Pakistan's Economy-II: Challenges facing Musharraf

28 Jan, 2000    ·   317

D. Suba Chandran says Gen. Musharraf and his sincere efforts seem to be the only way out to clean Pakistan’s economic mess

What are the major economic challenges facing the military regime? They are to revive the confidence of investors in Pakistan . This is important, as more than 80 percent of the investments come from abroad. It would be difficult to boost the investor’s confidence, because of the policies pursued by the previous governments. Any investor, domestic or foreign, will look at two factors before making any investment – political stability and continuity in a country’s economic policies. Unfortunately, both the factors have been missing during the past decade in Pakistan . No government, whether under Benazir Bhutto or Nawaz Sharif, completed its tenure of five years. It was either dismissed or forced to resign. 



Worse, both Benazir Bhutto and Nawaz Sharif were determined to discontinue the economic programmes and policies initiated by the other. Benazir Bhutto, when came to power for the first time initiated her own populist programmes caring less for Junejo’s five point programme. Sharif, when assumed power, terminated the programmes initiated by Benazir and introduced his own. The same trend continued even when they were re-elected. 



Besides the lack of continuity in the policies, the attitude of the ruling elite to the foreign investors, especially that of the Pakistani Muslim League (PML), have created a huge doubt over the latter’s mind. The best example could be that of Sharif government’s handling of the Independent Power Producers (IPPs). The Government of Pakistan during Benazir Bhutto’s second tenure signed an agreement with the IPPs that the Water and Power Development Authority (Wapda) of Pakistan would buy a specific amount of electricity at a particular tariff. When the Shariff came to power in the next elections, for certain political reasons, decided not to honour the previous agreement signed between the IPPS and the Benazir government. Worse, the Shariff regime and the now infamous Ehtesab Bureau started pressurising the IPPs that they should supply power at a reduced tariff. The issue resulted in the Pakistan losing the confidence of foreign investors, which also ended up in drying up of foreign investment in the last two years. 



Understanding the nature of problem, the present military government has started re-negotiating with the IPPs and in his address Musharraf announced that it has reached an agreement with nine IPPs.



Besides, the greatest mistake of the previous regime was freezing the foreign currency accounts during May 1998. When the foreign investors were already in a dilemma to invest further, the freezing did immense harm to Pakistani the economy.



Though Musharraf has apologised for these measures of the previous government, during his speech when he announced the economic recovery plan and assured the investors of better economic management, one has to wait and see, whether these assurances make a real impact among the minds of the investors.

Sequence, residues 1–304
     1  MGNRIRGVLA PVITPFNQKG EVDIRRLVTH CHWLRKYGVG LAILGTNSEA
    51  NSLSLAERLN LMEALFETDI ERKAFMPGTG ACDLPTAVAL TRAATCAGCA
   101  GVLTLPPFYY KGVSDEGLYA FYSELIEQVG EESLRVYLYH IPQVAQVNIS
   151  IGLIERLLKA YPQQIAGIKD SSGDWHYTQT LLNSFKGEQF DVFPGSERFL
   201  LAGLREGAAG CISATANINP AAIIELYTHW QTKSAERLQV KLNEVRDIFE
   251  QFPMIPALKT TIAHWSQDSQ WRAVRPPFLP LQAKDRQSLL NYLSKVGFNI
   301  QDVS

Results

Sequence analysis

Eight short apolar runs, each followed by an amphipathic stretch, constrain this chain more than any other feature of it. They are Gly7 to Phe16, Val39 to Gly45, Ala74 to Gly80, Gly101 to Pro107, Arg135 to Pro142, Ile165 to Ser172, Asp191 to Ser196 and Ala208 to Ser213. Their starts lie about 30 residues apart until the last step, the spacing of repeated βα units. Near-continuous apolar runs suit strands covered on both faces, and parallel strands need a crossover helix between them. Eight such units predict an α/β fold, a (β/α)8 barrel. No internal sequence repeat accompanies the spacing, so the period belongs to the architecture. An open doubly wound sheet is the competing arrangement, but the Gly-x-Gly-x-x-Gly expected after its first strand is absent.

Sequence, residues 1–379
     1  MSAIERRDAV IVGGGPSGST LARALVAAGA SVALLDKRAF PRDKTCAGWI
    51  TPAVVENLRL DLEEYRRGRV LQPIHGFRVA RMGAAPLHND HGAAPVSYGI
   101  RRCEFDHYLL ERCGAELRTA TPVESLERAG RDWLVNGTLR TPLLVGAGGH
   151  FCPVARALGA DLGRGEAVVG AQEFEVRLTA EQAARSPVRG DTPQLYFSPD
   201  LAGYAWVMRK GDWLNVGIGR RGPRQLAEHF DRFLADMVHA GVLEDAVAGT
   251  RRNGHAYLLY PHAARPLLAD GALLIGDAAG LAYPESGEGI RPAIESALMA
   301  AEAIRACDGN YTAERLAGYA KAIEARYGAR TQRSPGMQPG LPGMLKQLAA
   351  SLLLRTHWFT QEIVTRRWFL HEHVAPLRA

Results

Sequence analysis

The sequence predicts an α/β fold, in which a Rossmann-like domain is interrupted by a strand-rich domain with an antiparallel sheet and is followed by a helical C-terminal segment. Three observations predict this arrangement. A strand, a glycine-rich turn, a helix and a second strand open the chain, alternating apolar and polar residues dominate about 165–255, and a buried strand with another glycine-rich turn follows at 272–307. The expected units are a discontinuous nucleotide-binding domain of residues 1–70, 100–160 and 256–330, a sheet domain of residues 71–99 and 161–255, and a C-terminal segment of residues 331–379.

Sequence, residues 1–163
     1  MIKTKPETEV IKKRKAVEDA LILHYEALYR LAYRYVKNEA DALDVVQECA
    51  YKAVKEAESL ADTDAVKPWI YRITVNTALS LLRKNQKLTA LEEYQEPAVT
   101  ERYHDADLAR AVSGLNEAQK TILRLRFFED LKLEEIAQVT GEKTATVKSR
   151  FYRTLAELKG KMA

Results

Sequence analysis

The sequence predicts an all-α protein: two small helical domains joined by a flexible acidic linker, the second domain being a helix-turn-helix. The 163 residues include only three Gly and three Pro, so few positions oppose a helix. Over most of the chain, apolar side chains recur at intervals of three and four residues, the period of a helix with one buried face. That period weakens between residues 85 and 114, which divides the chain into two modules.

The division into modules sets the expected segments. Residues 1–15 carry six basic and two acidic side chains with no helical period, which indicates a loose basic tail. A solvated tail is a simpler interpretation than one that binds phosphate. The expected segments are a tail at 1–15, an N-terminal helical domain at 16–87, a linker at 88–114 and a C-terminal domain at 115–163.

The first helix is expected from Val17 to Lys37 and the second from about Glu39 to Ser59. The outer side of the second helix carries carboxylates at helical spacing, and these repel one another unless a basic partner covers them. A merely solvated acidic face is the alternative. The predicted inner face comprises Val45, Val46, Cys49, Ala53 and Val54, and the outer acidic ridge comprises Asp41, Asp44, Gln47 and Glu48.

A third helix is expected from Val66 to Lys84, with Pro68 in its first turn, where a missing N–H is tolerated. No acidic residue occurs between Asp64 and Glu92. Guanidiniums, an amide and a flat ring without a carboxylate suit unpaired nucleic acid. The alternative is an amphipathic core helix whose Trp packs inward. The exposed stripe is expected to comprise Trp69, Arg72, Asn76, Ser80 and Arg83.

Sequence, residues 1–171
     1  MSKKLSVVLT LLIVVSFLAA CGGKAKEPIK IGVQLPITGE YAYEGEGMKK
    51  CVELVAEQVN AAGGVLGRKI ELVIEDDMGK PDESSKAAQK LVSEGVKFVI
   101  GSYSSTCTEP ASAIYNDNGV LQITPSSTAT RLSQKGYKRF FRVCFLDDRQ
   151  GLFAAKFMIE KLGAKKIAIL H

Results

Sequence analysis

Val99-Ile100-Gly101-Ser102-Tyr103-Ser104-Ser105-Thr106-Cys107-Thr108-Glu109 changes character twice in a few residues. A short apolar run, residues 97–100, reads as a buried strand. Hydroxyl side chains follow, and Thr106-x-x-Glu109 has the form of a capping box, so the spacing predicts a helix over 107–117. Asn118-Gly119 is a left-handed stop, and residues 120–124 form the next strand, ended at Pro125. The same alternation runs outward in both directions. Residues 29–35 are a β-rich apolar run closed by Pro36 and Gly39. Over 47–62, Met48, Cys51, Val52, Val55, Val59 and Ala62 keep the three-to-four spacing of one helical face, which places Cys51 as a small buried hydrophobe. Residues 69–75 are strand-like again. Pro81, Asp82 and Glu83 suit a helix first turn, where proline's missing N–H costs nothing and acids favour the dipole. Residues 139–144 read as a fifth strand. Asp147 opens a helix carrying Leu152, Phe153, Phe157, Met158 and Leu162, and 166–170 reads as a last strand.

The second major challenge to the military regime is how to recover the defaulted loans and ensure accountability. Both depend on the following factors: An efficient, unbiased investigating agency, which is corruption free; its ability to bring and sustain the efforts against those defaulters and the looters in the courts; a swift judicial action etc. According to an estimate, around 225 billions rupees remain unaccounted in various financial institutions of the state, with more than 480,000 bank defaulters. Since much of the looted wealth is deposited in banks and invested in various forms abroad, it will be extremely difficult to achieve anything significant in a short span. 



With all sincerity, the military regime has set up National Accountability Bureau (NAB) to ensure across the board accountability, recover the defaulted loans and to tackle corruption. Ever since its inception, the military regime was able to recover Rs 9 billion of the total Rs 225 billion defaulted loans. The NAB is continuously being revamped and its strength is being increased to fasten the accountability process. Of course, as the Chief Executive mentioned, it is a difficult job. On the one hand, the people are expecting quick results and fast recovery of the looted wealth, on the other, the officials are not well equipped to deal with white-collar crimes such as money-laundering, as they lack adequate experience. Besides the military government has to be very careful to avoid getting the tag that it is being partial or biased and conducting a vendetta against the former ruling elite. Already there is a criticism regarding the decision to exempt serving officials of the military and judiciary from the NAB.



Will Musharraf be able to overcome the economic challenge? Given the performance of the political leaders in the last decade, Gen. Musharraf and his sincere efforts seem to be the only way out to clean Pakistan ’s economic mess. It is irony that Pakistan has to look up to its Generals, even to deliver the economic goods.